And not just the words, but the meaning as well. I was lucky enough to have Jeff as my Lodge Ceremonies Adviser all
those years in the OA. And also lucky enough to call him my friend. I miss him, and I missed him even more this weekend.
Strangely, as we pored over his writings to the Lodge Chiefs over the years, as I wandered past the "new" handicraft lodge
and peered in to the storage closet to find all the supplies neatly arranged on shelves, each box hand labeled in his hand
writing, I got
the sense that he was still with us. His presence is still strongly felt to a guy who hadn't seen
him or talked to him in over 30 years, I can only imagine what you all feel having been close to him these three decades since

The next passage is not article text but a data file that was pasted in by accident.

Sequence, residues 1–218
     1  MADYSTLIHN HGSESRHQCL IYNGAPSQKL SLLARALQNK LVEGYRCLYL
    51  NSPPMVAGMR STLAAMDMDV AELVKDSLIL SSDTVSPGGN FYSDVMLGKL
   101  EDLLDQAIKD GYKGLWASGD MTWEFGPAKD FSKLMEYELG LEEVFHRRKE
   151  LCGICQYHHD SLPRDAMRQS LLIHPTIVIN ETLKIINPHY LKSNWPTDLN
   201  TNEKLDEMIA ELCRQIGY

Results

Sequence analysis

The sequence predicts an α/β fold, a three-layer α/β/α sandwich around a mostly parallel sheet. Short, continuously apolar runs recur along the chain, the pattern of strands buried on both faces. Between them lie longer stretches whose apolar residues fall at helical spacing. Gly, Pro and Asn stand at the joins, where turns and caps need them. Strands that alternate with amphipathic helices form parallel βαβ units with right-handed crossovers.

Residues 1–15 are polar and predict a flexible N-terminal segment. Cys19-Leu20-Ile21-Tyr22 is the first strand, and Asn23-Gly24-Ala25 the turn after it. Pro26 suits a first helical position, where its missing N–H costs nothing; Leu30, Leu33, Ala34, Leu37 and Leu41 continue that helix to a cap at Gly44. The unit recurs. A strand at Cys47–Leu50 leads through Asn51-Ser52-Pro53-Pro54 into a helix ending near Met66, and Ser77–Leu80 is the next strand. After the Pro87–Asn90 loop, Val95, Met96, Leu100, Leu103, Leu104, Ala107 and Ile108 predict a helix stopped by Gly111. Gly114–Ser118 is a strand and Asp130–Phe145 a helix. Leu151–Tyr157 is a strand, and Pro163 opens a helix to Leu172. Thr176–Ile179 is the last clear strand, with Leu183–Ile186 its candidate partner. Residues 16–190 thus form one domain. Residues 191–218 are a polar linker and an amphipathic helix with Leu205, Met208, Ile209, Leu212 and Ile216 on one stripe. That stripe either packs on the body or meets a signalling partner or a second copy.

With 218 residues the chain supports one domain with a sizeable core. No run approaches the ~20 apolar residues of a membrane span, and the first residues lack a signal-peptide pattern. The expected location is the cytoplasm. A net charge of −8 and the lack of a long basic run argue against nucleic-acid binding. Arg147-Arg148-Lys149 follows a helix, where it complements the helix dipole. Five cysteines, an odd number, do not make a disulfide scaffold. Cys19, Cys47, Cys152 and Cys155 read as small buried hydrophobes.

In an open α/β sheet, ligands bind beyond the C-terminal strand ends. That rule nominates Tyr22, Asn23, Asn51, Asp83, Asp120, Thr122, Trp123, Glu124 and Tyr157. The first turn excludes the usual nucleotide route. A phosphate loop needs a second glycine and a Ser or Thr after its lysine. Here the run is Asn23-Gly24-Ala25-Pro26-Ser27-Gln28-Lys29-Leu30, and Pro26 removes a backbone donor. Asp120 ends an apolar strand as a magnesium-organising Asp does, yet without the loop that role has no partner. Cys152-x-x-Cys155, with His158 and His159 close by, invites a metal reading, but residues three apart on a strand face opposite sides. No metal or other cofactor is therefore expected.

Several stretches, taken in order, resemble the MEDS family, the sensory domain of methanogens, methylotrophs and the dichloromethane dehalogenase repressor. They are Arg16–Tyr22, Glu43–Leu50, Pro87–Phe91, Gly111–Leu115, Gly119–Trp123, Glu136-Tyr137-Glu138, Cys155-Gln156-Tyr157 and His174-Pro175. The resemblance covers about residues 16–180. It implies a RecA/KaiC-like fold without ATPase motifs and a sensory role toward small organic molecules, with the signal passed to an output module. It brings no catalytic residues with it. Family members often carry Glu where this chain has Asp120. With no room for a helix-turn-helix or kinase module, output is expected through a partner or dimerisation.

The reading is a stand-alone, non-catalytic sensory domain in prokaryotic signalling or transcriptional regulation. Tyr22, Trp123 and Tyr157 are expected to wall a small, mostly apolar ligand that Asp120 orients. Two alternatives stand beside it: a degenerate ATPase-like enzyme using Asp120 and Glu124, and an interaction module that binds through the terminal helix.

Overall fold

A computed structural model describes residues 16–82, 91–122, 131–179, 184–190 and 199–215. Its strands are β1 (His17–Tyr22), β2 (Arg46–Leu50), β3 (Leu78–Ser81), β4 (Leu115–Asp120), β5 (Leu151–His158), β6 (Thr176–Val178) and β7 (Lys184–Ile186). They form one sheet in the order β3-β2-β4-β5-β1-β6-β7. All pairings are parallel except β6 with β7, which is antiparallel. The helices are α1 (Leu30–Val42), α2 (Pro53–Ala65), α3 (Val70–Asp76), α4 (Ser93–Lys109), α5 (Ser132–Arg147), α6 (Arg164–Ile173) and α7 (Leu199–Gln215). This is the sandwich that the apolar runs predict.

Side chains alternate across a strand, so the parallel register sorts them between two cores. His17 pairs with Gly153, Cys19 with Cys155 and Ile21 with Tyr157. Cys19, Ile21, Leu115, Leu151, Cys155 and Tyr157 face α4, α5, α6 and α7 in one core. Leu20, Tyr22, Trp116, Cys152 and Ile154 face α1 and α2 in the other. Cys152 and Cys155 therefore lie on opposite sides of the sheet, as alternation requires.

I left the Lodge. As they say, "no regrets," I have but one this weekend, not staying in touch with the strange little
man that hemmed and hawwed about the Handicraft area, who's alter ego ONLY presented itself when he donned the green hexagon
and dark glasses, and who's sage advice (usually followed by some snide remark) I still carry with me to this day. Rarely
do we get an opportunity to be remembered for the unselfish service we perform 30 years after the fact, sans the building
of some monument or edifice that withstands the sands of time.
So I guess that's why he's so special to me, and to
all the others that his essence has gently molded and guided. One last note about Jeff; five summers ago, my son Jack
spent a week at Camp Pico Blanco and upon learning that the Camp Director (Jeff) had been at Pico for 40+ consecutive
years, Jack surmised that perhaps Jeff might remember me. I had never shared much about those years with Jack prior
to his attending Pico, so I was even more amused when he told me he had met
this Whammy guy at camp. Fast forward